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Sergei RACHMANINOV (1873-1943)
Etude-Tableau, Op. 39 No. 9 [4.21]
Variations on a theme of Corelli, Op. 42 [20.26]
Fugue (1891) [3.30]
Prelude in B major, Op. 32 No. 11 [2.28]
Vocalise, Op. 34 No. 14 (transcribed by Nigel Potts) [6.11]
Symphonic Dances, Op. 45 [39:44]
Jeremy Filsell (organ)
rec. 2012, Verizon Hall, Kimmel Center for the Performing Arts, Philadelphia. SIGNUM RECORDS SIGCD324 [76:43]
A virtuoso on both piano and organ, Jeremy Filsell has already recorded a Rachmaninov programme on Signum Classics as a pianist (SIGCD230). In transcribing and performing the piano works in this programme on organ, Filsell points to the intrinsic compositional quality as well as the pianistic nature of Rachmaninov’s work: “The pacing of climax, the gift for melody, the tautness of large-scale structure and the often rhythmically-driven contrapuntal brilliance make for a heady and compelling mix. It is such characteristics which perhaps have justified his music’s frequent translation to other media.” With a lifelong love of the Symphonic Dances as a catalyst for these “organistic re-imaginings”, Filsell outlines his approach and the music itself in his booklet notes.
Filsell is recorded here on the mighty Dobson Op. 76 in Verizon Hall, in Philadelphia’s Kimmel Center for the Performing Arts, which is America’s largest mechanical action concert hall organ. As you might expect, this instrument has a depth and variety of sound which holds plenty of interest, and the by no means overly-resonant acoustic means that details in the more densely written or rhythmically music are preserved. The recording also maintains a respectful distance, so the balance errs more toward the musical than the outright spectacular. Don’t expect the reedy pungency of a French organ or the subtlety of colour in a good German instrument, but while I admit to noit being a big fan of huge American organs this one manages to avoid being too woolly. Filsell proves the nimble nature of the beast in the opening Etude-Tableau, Op. 39 No.9, which has plenty of impact. The Variations on a theme of Corelli, Op. 42 are also a clear showcase for both instrument and performer, the relatively quick succession of miniatures each given contrasting character and exploring delicate upper registers as well as massive climactic moments. The general effect reminds me a little of something the genre of variations by Dupré.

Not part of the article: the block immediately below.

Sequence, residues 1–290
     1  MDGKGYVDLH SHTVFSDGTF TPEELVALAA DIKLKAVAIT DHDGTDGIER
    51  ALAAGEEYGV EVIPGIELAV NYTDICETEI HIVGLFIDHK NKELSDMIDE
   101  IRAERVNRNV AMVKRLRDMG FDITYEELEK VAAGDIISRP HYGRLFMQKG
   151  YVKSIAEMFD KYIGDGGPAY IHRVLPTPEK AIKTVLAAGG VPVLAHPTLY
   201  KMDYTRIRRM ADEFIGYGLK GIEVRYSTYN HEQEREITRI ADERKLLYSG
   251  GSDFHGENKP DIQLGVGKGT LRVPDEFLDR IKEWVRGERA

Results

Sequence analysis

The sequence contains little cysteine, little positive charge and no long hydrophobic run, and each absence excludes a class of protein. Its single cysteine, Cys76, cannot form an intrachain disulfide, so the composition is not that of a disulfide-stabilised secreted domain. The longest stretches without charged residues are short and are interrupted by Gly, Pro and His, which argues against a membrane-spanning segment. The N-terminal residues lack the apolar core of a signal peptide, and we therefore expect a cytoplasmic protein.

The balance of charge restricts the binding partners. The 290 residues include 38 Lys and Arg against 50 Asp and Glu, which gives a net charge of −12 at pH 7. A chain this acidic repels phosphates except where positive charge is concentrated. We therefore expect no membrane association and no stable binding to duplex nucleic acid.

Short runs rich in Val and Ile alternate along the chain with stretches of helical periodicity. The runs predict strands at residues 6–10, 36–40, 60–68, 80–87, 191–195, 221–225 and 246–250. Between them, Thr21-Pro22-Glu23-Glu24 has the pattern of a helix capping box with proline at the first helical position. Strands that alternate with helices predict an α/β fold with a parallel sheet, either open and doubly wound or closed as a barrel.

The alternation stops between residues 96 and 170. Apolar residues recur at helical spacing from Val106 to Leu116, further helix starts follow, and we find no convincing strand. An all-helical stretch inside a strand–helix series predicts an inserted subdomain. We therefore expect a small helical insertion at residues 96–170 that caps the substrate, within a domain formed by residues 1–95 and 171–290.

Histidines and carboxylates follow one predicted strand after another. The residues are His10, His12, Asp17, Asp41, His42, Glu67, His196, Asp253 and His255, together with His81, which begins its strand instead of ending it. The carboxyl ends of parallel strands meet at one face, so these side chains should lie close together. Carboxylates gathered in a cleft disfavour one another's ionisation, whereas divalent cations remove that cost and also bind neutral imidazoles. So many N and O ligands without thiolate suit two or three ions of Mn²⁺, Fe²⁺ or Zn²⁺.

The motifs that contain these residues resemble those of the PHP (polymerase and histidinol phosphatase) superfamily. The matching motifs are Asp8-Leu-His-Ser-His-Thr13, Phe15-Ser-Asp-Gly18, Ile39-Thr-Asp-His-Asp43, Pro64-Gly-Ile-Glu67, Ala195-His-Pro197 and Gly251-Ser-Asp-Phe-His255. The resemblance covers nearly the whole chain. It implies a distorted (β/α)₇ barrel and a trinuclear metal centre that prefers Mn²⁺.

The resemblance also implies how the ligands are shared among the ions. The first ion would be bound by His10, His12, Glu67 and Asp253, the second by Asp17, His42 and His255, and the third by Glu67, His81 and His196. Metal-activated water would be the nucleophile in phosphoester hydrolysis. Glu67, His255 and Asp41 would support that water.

The sprightly early Fugue is a shoe-in for the organ and sounds as good here as you will hear it anywhere. Filsell himself admits that both the Prelude and Vocalise serve “more as amuse-bouche than anything else”, though we all like a little of this kind of thing, and the shorter pieces and high degree of familiarity in the Vocalise – played here with a little more rubato surging than I like – make for good balance in the programme.
Symphonic Dances is the main work here, but I was wrong-footed a little by rhythmic quirks which lengthen gaps and see an anticipation of that first main ostinato to the main theme after the short introduction in the first movement Non allegro. Things subsequently settle down however, and this is also all part of re-acquainting oneself with a work as familiar in piano versions as it is from an orcherstra. Filsell hasn’t tried to recreate an orchestral sound, and this version is actually quite distinctive in its restraint for the most part. “I have attempted to imagine the colours Rachmaninov might have envisaged, had he been writing for the organ, and have tried to retain the performer’s ability to maintain momentum and energy, without having to mimic the infinite variations of orchestral colour.” In this Filsell succeeds in communicating the score without overblown effects and the stodge which can come through over-use of the heavier organ stops. He is excellent in creating contrast, lightness of touch, and indeed drama where the music demands this, but even in the final movement you can spot genuinely loud moments like rare yellow poppies in a large field bounteous with a variety of wild flowers. This is of course still show-stopping stuff on occasion, and hi-fi buffs with big woofers will find much to enjoy with the volume turned up, but the real satisfaction is in Rachmaninov’s remarkable music, with all of its spectral darkness and surprising radiance. I doubt there are many who would make this their all-time favourite version of this piece, but Jeremy Filsell convinces in making it sound as if it has indeed been written for the organ, and you can’t expect or demand much more than that.